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Other Structures and Buildings

In ancient times there were several other buildings and structures built on the Acropolis, though there are only fragments of them remaining today.

Structures and Buildings on the Acropolis

On passing through the Propylaea, on the right hand side (south side), one would have seen the “Shrine of Artemis Brauronia”, which was built in the 6th century B.C. by Peisistratos. Next to this was the “Khalkotheke”, which could be described as a store room, where offerings were kept.

Another building that barely remains is the Old Temple of Athena, which was located just to the south-west of the Erechtheum. There are also remains of a sanctuary that was dedicated to Zeus, that are situated to the east of the Erechtheum. The Romans later built an Ionic circular temple next to this, which was dedicated to Roma and Augustus. The remains of this Roman temple can be pointed out by the few remaining columns that still stand.

For nearly a thousand years, the temples on the Acropolis, and in particular, the Parthenon survived without change, apart from some small Roman amendments. It was not until the reign of Emperor Justinian that major changes took place. Under his command, the temples were converted in order for Christian worship.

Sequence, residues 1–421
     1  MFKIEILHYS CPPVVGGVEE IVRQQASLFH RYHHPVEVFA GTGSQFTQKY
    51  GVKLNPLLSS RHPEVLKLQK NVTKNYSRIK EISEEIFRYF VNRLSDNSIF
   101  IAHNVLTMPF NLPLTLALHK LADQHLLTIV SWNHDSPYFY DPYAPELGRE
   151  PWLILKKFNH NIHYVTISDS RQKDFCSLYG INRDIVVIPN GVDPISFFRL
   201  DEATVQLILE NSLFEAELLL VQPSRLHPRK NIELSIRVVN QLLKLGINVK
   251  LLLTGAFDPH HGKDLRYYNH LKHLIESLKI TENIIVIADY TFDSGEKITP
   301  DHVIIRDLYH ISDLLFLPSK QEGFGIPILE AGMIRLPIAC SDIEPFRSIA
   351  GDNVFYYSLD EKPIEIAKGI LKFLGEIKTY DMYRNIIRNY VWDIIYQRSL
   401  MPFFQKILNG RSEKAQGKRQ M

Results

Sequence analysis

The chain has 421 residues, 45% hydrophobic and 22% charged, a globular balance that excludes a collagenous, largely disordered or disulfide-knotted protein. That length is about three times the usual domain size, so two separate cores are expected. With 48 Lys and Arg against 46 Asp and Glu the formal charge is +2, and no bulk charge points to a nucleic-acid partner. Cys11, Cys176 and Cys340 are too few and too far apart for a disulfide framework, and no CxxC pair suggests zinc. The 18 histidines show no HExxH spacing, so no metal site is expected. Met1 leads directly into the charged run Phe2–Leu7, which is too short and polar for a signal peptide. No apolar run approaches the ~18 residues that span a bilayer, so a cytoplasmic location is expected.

The Parthenon was converted into a Christian Church. During the conversion, the interior columns and some walls of the cella, were subsequently removed. This also led to the removal of many of the sculptures and decoration. In particular, those that depicted pagan Gods, would have been deliberately removed and destroyed.

During the following years, the Acropolis and it's temples would have been used for several religious and well as secular uses. During this, much of the classical designs, that had previously stood the test of time, would have gradually degraded.

When Greece fell to the Ottomans in 1456, the Parthenon was converted into a mosque, after already having been converted from a Greek and Roman temple, and a Frankish cathedral. The antiquities of Athens were not willingly destroyed by the Ottomans, as they were generally respectful of ancient monuments in their territories. However, they did not actually have any programme or desire to protect them either.

Though the number of changes forced onto the Parthenon and the other temples of the Acropolis seem vast, there general appearance and structure would not have been altered too much beyond recognition of the time when they were being designed. However, over time, war took it's toll, and there began the slow destruction of this once mighty great complex.

Several of the buildings on the Acropolis were blown up by the Venetians, who were fighting to oust the Turks. The Turks themselves demolished the “Temple of Nike” in 1684, in order to gain a short tactical advantage.

Gunpowder, stored by the Turks in the Parthenon was ignited by a Venetian shell. The subsequent explosion blew the roof off the Parthenon, and a fire subsequently spread through the complexes of the Acropolis for two whole days. The south side of the Parthenon suffered particular damage, with many columns collapsing, along with many of the sculptures and pieces of priceless art. It was after this, that the Parthenon was no longer used.